This funny sounding dessert was served (funnily…? Disgustingly…) in a glass pyrex container and had a mix of reinterpretations of St Katherine’s “favourite chocolate bars”.  So the chocolate bar inspired recreations included a violet crumble, rice bubble chocolate fudge, marshmallow, salted caramel, coconut ice cream and a cherry foam.  Really great idea, and the zany presentation added to the shits and giggles part of the whole concept!  My favourite was definitely the salted caramel (ALWAYS) and the coconut ice cream.  I’d come back for this, just to see what their next lot of favourite chocolate bars will be!

Looking back now, and even as we fixed the bill (about $60 p/head), we consumed a hell of a lot of food!!  And although I suspect there are a few staff teething problems (there was no recommendations of portions or notification of daily rotisserie specials, and N caught a lamb chop bone in her lap and a pile of sauce next to her feet… all to an unaware waitress) But despite all the negatives, which came hand in hand with many positives, I can at least leave knowing i can thankfully continue eating at my Mr Colombaris favourites, without me having to watch him do any of the eating.

Raffle’s Place…to the rescue.

16 Apr

Hell hath no fury like a woman scorned.  On this Friday evening, Melbourne CBD was Hell and I was the woman scorned!  You see it all started with the most pleasant of cocktails at Maha in the lower end of town.  I had a mean

Pomegranate sour (front) Kekka Club (back)

craving for dirty dumplings, so given the cheap and cheerful meal ahead of us, I figured we should treat ourselves to a proper drink.  Maha has long been one of my favourite establishments.  Set in a basement on Bond St, this middle Eastern Utopia (part of the Columbaris group) offers share plates with flavours to write home about and delicious cocktails to make it a beverage destination in its own right.

We arrived at a relatively peaceful Maha and were quickly seated at the bar.  The service, as you’d expect, is that perfect mix of friendly and knowledgeable. I decided to go with a pomegranate   Sour (anything with pomegranate has me at Hello!) whilst N went for the Kekka Club (she’s taken to drinking Gin based concoctions… I don’t get why?).  It was the perfect surrounds, with a low level hum of noise & chatter that did not leave me feeling like I should have brought my microphone and hearing aid.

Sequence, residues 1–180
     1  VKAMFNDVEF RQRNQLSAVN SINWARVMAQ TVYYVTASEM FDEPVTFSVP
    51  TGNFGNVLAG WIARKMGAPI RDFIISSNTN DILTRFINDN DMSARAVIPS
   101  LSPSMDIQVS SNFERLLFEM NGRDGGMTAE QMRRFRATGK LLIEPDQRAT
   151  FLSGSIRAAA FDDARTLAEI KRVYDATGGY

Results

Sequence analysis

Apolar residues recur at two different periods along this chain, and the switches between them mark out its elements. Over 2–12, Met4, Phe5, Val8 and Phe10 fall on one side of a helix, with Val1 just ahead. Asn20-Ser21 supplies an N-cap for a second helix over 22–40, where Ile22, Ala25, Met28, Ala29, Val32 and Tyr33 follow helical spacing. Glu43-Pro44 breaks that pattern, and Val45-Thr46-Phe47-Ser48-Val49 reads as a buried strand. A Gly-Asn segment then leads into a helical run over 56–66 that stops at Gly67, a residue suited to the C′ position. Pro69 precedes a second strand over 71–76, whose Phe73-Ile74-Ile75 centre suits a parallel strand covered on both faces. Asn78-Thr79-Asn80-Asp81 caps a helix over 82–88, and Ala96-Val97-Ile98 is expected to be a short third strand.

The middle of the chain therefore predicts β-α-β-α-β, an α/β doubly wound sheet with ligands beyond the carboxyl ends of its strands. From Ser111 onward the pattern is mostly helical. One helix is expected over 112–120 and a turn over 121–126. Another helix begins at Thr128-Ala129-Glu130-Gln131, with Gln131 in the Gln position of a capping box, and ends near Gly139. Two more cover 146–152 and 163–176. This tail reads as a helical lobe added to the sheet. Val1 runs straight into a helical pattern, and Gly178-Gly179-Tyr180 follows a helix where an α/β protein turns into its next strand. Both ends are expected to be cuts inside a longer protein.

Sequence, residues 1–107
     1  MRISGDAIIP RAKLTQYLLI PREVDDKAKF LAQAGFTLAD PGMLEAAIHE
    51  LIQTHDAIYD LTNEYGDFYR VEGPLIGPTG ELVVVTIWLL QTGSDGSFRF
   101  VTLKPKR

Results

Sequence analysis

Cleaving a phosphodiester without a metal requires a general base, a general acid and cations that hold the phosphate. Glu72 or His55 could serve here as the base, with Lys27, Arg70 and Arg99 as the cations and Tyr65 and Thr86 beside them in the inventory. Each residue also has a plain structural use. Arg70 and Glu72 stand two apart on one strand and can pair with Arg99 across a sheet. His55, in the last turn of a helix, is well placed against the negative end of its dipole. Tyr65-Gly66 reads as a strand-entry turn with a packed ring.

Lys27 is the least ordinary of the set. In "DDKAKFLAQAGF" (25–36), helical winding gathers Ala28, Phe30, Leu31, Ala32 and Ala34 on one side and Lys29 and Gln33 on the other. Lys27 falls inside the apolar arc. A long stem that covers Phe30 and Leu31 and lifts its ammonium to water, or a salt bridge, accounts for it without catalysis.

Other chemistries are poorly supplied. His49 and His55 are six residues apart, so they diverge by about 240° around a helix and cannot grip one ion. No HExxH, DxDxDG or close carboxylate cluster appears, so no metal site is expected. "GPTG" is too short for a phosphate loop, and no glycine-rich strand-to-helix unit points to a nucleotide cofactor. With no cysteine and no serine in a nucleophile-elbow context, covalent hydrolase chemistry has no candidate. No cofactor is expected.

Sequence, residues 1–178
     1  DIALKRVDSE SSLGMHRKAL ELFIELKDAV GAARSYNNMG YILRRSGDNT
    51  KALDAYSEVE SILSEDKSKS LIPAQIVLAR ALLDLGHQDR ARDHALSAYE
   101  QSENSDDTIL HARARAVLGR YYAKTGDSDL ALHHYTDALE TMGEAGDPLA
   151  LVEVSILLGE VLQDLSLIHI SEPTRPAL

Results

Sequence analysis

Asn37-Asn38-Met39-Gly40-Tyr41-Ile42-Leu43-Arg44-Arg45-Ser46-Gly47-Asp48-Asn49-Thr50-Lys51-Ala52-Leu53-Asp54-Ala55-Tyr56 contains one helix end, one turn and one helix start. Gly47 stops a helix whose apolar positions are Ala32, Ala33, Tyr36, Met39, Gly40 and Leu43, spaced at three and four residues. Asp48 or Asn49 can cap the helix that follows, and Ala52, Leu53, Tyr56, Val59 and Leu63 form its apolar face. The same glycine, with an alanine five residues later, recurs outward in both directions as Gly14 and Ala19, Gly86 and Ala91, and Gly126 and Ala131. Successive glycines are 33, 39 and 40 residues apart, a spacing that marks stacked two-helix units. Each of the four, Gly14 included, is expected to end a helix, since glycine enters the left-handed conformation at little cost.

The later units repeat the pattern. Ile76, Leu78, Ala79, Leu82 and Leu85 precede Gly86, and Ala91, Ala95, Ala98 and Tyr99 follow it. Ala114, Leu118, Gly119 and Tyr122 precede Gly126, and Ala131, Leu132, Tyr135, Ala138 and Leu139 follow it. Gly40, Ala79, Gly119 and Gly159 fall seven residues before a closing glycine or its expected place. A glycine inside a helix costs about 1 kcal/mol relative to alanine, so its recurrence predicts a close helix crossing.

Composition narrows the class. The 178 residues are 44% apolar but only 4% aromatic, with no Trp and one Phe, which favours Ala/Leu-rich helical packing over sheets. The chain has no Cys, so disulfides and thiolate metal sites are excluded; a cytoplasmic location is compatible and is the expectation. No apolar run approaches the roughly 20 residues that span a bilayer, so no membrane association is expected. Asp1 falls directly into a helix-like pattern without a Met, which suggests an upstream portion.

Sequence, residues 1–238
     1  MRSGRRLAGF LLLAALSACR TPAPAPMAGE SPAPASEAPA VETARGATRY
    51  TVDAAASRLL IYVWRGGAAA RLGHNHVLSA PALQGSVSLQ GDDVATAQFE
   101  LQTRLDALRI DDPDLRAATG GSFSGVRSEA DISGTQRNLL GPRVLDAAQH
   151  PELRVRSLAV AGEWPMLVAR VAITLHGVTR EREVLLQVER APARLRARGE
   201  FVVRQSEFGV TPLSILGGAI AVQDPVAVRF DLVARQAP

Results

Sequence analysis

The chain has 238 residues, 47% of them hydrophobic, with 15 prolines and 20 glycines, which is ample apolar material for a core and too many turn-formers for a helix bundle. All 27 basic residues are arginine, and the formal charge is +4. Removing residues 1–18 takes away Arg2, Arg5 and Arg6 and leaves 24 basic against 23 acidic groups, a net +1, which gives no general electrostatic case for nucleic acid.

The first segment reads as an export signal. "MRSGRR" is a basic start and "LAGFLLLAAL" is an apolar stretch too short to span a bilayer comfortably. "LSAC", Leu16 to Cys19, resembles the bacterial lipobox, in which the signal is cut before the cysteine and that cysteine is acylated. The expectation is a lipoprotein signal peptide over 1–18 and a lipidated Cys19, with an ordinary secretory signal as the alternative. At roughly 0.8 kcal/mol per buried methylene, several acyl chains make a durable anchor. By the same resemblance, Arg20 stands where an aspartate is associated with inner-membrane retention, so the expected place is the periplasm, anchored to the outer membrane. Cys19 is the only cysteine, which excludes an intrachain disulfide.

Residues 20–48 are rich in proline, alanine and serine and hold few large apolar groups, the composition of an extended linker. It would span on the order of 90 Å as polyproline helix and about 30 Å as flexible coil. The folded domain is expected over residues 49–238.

So far so good.  The night is off to an above average start!! We decide to get the bill and make our way to fulfilling my dumpling craving.  Time check,  7:30pm!  I’d wanted to take N to China Red, for a while now.  Yes.  It’s ‘that place’ with the computer screens for waiters.  And yes,  it’s a bit of a gimmick.  But after going there a few times, I’d really enjoyed the food (the dumplings are made fresh and all the dishes offered taste as they should) and the service – or lack thereof – the cutting out the human makes for zero human errors in order taking/language barriers…kind of a God send!

We leave Maha and make it to China Red in good time.  But what’s this I see…?  Before my dumpling crazed filled eyes is a 10 meter line of hopefuls waiting for a table.  DAMMIT! I HATE LINES! So apparently I missed the “everyone wants dumplings tonight” memo, as we walked around for another 45 minutes going from dumpling place to dumpling place… each one offering me nothing but a line of people and a 35 minute wait!

Needless to say, the high of the Cocktail had well and truly worn off and all I can think about is eating dumplings.  We finally decided to leave the city and hope for the best!  Then, as we drive out of the Dumpling Crazed City, N has a brain fart!

Old Raffles Place